With the 0.4 release, Jet introduced windowing and event-time processing. Both features made Jet stronger and more useful in the infinite stream processing domain. Low latency at scale is the raison d’être of streaming, so our streaming benchmark was focused on measuring the average framework latency in various conditions (message throughput, window set-ups). Kafka was used as an input data source.
Again, Jet outperformed both Spark Streaming and Flink. See the complete streaming benchmark.
The difference becomes more obvious with larger sliding windows, where Jet’s throughput capacity stays flat with increasing window size. Sliding windows are fixed size windows that can overlap. The window slides in fixed increments as time advances, which is called a sliding step. Tumbling windows, being fixed-size non-overlapping windows, are a special case of sliding windows (the sliding step equals the window size).
Combining and Deducting Frames
The rationale behind performance characteristics of Jet lies in:
- Efficient windowing storage reducing Java Garbage Collection impact
- Smooth sliding step handling
Under the hood, Jet uses Frames as the building blocks of sliding windows. A frame covers a section of the stream equivalent to a sliding step. When a record arrives, it is added to the respective frame. For each frame, just the rolling accumulator is stored instead of buffering all the items. When the window is closed, mostly by a time or count limit reached, respective frames are combined and the computation is executed. This provides a trade-off between the smoothness of sliding and the cost of storage/computation.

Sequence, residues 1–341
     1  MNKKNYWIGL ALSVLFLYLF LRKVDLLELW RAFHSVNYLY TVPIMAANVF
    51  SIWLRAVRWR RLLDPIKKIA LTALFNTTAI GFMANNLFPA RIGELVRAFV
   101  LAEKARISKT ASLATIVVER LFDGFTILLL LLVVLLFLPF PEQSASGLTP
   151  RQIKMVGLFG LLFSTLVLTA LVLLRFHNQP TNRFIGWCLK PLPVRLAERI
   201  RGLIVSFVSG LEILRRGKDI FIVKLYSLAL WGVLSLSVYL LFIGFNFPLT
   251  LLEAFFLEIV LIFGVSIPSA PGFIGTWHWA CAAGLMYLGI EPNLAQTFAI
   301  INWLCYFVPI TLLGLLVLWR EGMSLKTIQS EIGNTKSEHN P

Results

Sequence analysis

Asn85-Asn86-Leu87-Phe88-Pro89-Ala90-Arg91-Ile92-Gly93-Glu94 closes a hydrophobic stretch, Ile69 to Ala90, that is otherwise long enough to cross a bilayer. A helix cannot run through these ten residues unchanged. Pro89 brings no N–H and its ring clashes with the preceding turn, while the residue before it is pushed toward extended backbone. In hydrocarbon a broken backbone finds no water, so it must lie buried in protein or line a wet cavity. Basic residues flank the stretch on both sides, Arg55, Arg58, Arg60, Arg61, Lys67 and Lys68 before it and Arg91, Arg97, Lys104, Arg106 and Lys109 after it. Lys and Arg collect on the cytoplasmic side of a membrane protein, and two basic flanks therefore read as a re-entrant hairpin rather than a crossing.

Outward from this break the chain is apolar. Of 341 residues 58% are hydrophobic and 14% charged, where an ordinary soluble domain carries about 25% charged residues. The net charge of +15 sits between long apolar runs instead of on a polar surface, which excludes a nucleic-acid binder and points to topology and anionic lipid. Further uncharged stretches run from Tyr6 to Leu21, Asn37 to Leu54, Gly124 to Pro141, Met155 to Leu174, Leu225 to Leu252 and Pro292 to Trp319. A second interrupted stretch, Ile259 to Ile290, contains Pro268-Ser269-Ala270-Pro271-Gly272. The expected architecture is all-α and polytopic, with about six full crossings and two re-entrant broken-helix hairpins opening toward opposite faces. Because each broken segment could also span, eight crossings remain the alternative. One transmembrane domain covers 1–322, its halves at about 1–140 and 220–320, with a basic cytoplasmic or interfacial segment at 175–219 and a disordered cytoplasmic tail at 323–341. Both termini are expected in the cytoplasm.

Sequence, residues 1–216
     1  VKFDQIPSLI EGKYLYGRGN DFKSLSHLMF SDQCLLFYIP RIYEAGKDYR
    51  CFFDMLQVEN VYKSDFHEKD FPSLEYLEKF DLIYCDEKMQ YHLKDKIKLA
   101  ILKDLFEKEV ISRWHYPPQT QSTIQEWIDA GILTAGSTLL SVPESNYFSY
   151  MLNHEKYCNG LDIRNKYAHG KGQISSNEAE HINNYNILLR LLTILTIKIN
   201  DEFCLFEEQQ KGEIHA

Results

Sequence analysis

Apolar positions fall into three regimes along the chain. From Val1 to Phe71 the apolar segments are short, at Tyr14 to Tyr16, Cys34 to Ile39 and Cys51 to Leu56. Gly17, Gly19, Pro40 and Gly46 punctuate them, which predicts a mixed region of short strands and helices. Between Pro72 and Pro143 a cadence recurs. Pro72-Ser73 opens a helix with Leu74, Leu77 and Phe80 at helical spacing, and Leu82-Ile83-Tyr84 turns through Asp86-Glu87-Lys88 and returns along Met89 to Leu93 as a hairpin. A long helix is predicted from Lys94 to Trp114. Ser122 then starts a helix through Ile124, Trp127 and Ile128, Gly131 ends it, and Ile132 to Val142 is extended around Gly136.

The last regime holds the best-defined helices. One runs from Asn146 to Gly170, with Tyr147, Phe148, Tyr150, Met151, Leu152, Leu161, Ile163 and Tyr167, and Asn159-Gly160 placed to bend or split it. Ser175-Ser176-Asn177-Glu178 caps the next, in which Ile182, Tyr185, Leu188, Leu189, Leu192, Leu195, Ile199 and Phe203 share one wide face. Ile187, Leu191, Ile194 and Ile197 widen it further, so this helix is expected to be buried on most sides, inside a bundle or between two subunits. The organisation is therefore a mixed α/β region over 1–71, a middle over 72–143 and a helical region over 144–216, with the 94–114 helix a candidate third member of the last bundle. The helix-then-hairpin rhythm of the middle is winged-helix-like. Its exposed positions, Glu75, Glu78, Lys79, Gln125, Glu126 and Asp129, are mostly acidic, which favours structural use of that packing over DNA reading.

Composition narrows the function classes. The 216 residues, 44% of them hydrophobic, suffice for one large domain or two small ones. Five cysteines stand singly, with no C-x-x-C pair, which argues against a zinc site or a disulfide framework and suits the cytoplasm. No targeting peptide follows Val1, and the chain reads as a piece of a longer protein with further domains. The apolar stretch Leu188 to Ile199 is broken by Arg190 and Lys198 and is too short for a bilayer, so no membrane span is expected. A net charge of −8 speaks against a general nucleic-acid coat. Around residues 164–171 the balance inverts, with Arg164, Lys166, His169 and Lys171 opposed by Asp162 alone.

Moreover, there is a deduct function to optimize sliding window computations. When windows slide, deduct just removes the trailing frame from the sliding window and adds the new one. This means two operations instead of recomputing the whole sliding window from the underlying frames with every sliding step.
Not every operation can use the rolling accumulator (think about accumulating items for widowed sort, one has to buffer the items) and not every frame can be deducted from the window (max operation for example). However, where applicable, both optimizations provide significant performance boost.
The latency of Jet seems to be influenced by reading from Kafka. Kafka batches the records before flushing to disk, and prior to sending data to the clients to reduce overhead and achieve higher throughput. It’s not intended to be ultra low-latency. We expect Jet to produce even better results with a low-latency streaming source.
Jet is application embeddable and lightweight. It’s expected to be used for IoT edge processing, i.e., processing out in the field, close to the data source. Therefore, having thousands of small jobs running in one instance/cluster is more likely than hosting one big job. The 5,000 job benchmark was intended to prove this usage profile.
We expected Jet to handle numerous jobs well, due to its cooperative multi-threading core. In our benchmark, a 2 node Jet cluster was able to handle 10 million messages per sec when working on 5,000 jobs, or 5 million messages/sec with 10,000 jobs when using just cooperative processors. When using non-cooperative, blocking source and sink for each Job, Jet was still able to handle 100,000 messages/sec with 2,000 jobs.